If one word describes TZM, it's woke. This is not the wokeness of identity politics and Black Lives Matter; TZM scoffs at identity politics, viewing it as just another way to divide people. This wokeness is one of understanding that the systems created by an elite few are inherently oppressive toward the masses; that the sooner we recognize our common humanity, with many of the same basic needs, and that infinite consumption is unsustainable, the sooner we will create a world of peace and plenty that works for us all.
Peter Joseph & company have assembled something far from perfect but marvelous nonetheless. I really should watch the whole film again to absorb some details I may have missed; however, for that purpose, I would prefer to watch it in one sitting, which is difficult when one cannot carve out a three-hour block of time and the Zeitgeisters throw a lot of information at you that is hard to digest all at once.
I use the word assembled with a purpose: InterReflections is three movies stitched together into one. That stitchwork feels, well, forced and artificial, reminding me painfully of the final episode of Lost. The viewer can almost forgive this because, as the three movies merge, the dialog alludes to the hokiness and semi-desperation of how it all comes together. As a novelist of a sort, I can attest that endings are the most difficult parts to write unless you begin the writing process from the ending.
So what are the three strands so semi-adeptly woven together?
- The interview segments, in which four scholarly women in the 22nd century look back on how the world was before the Great Transition, during which humankind woke up, recognized that people's basic wants and needs are similar and far more important than their differences, and evolved out of market economics and mass exploitation of both people and planet.
- The lengthy dialog in the mid-21st century between a captive prophet of the Great Transition and a powerful oligarch/technocrat in charge of carrying out the Malthusian Mandate, observed (via surreptitious video link) by a squad of high-tech subversives calling themselves Concordia.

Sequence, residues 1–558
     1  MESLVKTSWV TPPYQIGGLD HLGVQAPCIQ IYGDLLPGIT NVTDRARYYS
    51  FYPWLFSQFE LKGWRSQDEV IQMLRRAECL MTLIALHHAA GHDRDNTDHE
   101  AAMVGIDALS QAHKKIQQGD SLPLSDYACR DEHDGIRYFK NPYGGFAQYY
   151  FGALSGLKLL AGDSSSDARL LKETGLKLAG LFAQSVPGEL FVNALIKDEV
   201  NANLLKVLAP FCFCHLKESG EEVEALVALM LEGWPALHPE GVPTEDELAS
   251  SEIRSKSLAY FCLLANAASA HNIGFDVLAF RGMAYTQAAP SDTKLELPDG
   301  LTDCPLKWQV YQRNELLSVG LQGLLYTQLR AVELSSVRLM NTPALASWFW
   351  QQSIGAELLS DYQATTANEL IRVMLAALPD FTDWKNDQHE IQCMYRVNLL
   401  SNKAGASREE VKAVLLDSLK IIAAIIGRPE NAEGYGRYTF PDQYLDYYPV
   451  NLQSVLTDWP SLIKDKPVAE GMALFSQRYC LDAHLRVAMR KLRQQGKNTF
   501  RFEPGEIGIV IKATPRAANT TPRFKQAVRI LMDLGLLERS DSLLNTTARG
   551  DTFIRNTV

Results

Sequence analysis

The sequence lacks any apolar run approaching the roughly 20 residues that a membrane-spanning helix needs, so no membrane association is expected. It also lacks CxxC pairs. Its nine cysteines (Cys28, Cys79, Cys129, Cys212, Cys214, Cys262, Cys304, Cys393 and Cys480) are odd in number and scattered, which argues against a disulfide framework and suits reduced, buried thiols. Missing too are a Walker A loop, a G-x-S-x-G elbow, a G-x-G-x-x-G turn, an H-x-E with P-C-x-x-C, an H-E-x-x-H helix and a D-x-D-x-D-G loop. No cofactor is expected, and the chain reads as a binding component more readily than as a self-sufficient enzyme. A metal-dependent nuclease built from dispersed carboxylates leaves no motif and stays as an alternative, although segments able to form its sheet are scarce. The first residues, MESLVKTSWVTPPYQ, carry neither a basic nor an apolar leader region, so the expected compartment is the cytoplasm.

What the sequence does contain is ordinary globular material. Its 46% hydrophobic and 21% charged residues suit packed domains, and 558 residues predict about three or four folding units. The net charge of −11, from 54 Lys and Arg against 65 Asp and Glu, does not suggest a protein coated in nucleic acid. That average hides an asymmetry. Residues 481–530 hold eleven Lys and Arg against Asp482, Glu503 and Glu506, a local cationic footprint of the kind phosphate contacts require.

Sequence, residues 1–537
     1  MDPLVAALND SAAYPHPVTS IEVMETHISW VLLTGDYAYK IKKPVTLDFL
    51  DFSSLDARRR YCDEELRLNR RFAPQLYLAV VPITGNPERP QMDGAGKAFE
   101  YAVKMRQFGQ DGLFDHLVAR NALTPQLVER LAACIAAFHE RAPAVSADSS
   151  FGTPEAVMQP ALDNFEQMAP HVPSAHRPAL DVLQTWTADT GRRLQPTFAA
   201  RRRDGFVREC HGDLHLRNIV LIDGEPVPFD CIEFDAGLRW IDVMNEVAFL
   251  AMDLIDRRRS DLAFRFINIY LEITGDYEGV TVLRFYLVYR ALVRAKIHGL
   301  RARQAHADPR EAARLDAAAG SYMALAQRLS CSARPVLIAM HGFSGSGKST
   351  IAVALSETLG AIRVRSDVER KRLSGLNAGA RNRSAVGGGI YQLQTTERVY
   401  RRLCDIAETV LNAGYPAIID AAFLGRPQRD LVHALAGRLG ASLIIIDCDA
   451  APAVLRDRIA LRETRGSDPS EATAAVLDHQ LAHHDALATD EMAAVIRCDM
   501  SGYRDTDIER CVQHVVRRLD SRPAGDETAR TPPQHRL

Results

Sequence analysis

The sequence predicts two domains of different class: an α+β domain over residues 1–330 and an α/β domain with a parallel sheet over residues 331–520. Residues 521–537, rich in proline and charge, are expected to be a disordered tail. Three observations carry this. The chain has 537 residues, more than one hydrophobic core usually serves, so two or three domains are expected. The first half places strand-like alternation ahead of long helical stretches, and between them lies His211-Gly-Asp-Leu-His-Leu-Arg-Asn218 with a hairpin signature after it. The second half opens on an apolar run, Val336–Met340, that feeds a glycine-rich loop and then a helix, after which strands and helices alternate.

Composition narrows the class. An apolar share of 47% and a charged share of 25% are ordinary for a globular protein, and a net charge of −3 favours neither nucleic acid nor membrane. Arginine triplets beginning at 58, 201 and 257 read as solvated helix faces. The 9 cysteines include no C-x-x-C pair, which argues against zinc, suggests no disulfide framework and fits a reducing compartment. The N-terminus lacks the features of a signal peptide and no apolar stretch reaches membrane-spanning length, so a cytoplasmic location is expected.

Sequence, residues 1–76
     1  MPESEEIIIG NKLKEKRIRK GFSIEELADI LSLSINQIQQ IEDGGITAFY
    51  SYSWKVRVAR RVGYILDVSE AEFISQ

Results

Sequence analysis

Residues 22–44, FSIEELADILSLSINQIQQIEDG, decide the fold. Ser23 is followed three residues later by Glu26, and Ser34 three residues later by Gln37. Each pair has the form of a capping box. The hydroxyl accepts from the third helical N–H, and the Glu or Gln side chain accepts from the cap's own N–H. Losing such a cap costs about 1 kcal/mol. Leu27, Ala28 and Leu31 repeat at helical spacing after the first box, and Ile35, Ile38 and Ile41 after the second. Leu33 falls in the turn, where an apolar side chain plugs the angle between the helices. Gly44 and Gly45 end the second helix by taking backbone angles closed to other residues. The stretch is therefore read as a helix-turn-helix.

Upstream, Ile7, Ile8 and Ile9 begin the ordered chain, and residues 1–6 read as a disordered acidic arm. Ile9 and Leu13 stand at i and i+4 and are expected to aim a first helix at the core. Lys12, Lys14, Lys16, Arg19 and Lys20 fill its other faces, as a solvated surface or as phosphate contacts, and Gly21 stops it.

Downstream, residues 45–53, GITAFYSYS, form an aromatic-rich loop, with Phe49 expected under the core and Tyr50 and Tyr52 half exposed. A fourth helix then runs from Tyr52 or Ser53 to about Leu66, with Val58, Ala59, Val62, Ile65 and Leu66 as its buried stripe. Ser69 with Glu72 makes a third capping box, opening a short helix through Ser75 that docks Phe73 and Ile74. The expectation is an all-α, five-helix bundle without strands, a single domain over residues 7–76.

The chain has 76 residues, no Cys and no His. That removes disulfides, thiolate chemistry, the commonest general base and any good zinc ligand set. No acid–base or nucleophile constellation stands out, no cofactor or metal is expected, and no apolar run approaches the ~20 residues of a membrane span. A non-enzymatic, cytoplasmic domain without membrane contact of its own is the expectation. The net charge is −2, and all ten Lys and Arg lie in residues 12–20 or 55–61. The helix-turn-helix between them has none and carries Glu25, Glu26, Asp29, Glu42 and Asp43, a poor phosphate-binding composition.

- The segments I think of as vignettes, in which a young woman (referred to as "23") who never speaks passes through some very surreal situations that symbolize various aspects of our sick, sociopathic society and economic systems.
The vignettes move mostly, but not exclusively, in slow motion; the central character, the young woman, frequently plays second fiddle to some intense visual effects. In one scene, she starts to speak but is interrupted by the noisy thoughts of an audience of judgmental assholes scraped up from the worst Comments section nightmare you've ever read.
Throughout all these scenes, the woman's facial expression is one of cautious dread, the kind of dread you might feel as you discover what sorts of murder and torture and destruction your government carries out in your name, or that keeping billions of people impoverished is insanely profitable for the wealthiest 0.01%. She doesn't trust her own senses as she sees the world falling apart (literally at times), so why should she trust anyone else?
Four Scholars, One Voice
My main bone to pick with the interview segments is that the four women all speak like the same person. It's as if they are taking turns reading the words of Peter Joseph, but from a post–Great Transition perspective. The only variation in the speech patterns happens when the scholar with the Turkish name accents the second syllable of economic rather than the third. One thing a writer of fiction must practice in characterization is making the characters use different words and phrases that reflect their backgrounds and inclinations. (It's OK to have one character who talks just like the author.)